Yes, you can see an ancient pyramid miles away from Egypt. The Pyramid of Cestius is located in Rome, and is one of the best preserved ancient architectural feats. Similar to the pyramids in Egypt, The Pyramid of Cestius is a tomb for one of Rome’s officials, and is open to the public twice a month. The Pyramid is smaller than you’d expect, and much like the rest of Rome, sandwiched in between modern roads and buildings from every period of construction. It’s still worth a visit to see one of Rome’s best preserved and most unusual landmarks. And how often do you get to see a real ancient pyramid?
Rome is located inland, but it is within perfect day trip driving distance from miles of beautiful, sunny Italian beaches on both sides. Rome can get blistering hot in the summer, and a day trip to the beach is one of the best ways to explore Italian’s perfection in relaxation and enjoy soaking up the heat with the cool, ocean breezes and waves at hand. You can drive a car, or simply hop on one of the plenty of trains that cross through the city to reach several coastal towns dotted with cafes, seagulls, and miles of shoreline.
The Pantheon has been long called the world’s only architecturally perfect building, and is worth taking a look at just for that feat alone. It is also where most of Rome's most prominent kings are buried, and is hands down the most intact remnant of Rome’s glory days in the Roman Empire. It’s free to visit the inside, but be sure to visit again at night, when the streets are deserted and the lights create a much more awe inspiring and intimate portrait at a building Michelangelo deemed so perfect that angels had created it.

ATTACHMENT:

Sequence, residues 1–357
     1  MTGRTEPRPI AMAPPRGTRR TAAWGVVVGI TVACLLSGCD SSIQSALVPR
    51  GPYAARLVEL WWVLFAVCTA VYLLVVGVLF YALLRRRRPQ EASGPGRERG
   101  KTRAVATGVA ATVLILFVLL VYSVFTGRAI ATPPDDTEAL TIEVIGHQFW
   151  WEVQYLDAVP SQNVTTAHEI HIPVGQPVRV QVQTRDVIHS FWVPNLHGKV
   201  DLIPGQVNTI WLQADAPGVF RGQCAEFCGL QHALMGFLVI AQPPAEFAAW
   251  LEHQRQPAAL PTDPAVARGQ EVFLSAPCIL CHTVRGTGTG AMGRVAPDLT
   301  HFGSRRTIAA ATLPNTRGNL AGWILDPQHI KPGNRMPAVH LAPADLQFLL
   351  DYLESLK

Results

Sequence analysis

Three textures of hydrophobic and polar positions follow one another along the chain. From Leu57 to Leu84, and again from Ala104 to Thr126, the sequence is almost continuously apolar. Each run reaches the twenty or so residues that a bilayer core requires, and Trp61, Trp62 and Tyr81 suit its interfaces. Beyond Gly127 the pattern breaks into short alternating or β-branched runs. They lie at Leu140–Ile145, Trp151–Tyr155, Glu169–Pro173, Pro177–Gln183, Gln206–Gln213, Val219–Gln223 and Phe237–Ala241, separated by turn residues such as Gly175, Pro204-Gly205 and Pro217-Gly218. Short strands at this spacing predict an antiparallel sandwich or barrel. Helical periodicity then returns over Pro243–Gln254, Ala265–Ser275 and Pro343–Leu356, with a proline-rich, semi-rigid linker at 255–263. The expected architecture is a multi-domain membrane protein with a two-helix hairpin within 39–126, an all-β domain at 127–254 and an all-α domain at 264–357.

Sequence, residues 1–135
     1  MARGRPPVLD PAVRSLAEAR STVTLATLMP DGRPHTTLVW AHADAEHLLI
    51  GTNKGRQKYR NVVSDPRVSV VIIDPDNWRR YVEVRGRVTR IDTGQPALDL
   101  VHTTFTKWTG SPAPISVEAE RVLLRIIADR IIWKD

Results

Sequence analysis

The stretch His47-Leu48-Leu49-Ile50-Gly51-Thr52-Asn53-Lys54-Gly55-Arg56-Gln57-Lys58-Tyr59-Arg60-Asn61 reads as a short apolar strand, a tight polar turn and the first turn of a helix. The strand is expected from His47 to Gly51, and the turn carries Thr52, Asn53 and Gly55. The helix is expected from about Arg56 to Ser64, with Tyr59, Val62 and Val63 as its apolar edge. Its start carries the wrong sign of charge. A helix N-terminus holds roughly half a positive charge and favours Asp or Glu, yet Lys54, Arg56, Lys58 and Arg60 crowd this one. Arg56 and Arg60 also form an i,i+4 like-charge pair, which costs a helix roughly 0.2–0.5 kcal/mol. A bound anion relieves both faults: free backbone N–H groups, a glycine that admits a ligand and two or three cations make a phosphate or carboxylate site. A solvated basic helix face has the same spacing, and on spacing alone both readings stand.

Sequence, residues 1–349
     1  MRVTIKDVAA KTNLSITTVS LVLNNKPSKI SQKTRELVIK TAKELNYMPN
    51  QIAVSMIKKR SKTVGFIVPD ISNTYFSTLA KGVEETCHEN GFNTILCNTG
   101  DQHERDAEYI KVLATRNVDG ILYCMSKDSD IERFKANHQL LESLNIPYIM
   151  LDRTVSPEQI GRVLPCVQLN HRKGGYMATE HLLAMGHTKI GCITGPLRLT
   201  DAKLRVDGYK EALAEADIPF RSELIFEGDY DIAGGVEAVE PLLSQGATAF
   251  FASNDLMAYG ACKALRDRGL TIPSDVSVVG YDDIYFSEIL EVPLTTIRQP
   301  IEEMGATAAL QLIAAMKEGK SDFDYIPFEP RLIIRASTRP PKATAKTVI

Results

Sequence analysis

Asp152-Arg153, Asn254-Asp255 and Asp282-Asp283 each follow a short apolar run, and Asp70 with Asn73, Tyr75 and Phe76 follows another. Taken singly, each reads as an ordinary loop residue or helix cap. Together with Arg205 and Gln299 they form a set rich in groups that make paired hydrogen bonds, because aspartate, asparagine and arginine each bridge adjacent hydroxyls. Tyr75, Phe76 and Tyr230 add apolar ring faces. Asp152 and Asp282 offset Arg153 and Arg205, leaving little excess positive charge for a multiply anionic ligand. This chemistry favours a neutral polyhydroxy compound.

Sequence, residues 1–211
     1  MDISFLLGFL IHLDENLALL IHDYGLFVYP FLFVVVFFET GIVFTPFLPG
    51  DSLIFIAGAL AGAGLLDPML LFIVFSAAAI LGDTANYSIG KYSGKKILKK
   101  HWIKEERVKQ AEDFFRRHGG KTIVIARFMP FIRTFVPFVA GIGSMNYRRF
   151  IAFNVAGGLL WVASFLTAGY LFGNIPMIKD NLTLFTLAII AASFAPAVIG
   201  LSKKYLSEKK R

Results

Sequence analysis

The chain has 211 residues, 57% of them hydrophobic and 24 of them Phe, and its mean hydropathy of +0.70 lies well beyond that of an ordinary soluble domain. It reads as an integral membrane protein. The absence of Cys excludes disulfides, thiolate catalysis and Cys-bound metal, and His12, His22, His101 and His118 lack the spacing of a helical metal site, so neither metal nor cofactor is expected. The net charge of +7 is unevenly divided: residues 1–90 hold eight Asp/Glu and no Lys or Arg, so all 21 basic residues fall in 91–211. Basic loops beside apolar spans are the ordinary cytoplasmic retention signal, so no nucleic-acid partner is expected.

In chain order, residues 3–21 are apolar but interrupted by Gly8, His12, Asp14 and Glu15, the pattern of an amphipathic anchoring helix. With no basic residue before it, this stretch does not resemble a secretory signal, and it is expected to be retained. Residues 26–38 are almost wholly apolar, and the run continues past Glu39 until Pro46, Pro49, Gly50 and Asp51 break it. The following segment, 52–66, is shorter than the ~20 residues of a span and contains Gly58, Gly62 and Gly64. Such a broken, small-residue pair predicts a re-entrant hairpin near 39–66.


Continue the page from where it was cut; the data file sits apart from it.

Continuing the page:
For much of its history, the Jewish Ghetto was separated by the rest of the city, its inhabitants forced to remain locked in after sunset. Even though the anti-semitic segregation has long since ceased, the neighborhoods in the Jewish Ghetto area of town have a very different vibe than the rest of Rome. You can take a tour of the area, where guides can help explain both the horrors that the Jews endured in Rome, as well as the history of the Jewish influence and culture throughout Rome’s history.
Discover one of Rome’s secret views and walk over to the Priory of the Knights of Malta. Located in the gateway, the keyhole, known as the Aventine Keyhole, offers viewers a perfectly framed view of St. Peter’s Basilica, one of Rome’s best and most hidden views in the city. The palace itself has changed owners throughout the centuries, and has a wonderful past of it’s own, but the view from the keyhole is pleasure enough if you only have a few minutes to spare.
What do Roman Holiday, Cleopatra, and Gangs of New York have in common? They were all filmed at Cinecitta Studios, Rome capital in the film industry. Rome has a long history of cinematic influence around the world. You can see where some of film history’s most classic movies were shot in Rome, and learn more about Rome’s film business at Cinecitta Studios. Many of the backdrops and sets from movies have been abandoned, making it a surreal and intriguing spot to visit and walk around the remnant of films throughout the past half century.
There are plenty of variations of espresso drinks around the world, but when in Rome, where locals often consume up to three shots of espresso throughout the day, there are certain ways you need to try your coffee. Enjoy a cappuccinos at breakfast, and a macchiato at dinner. Try a creme in the hotter months, and a plain shot of espresso in the colder months.
While there are many cafes around Rome, the two most popular, and famous rivals, are the Tazza d’Oro and the Caffe Sant’Eusachio. The two cafes are located within the same neighborhood, and have been fighting over title to Rome’s best cafe for as long as anyone can remember. Which one is better? You’ll have to try for yourself to discover the answer.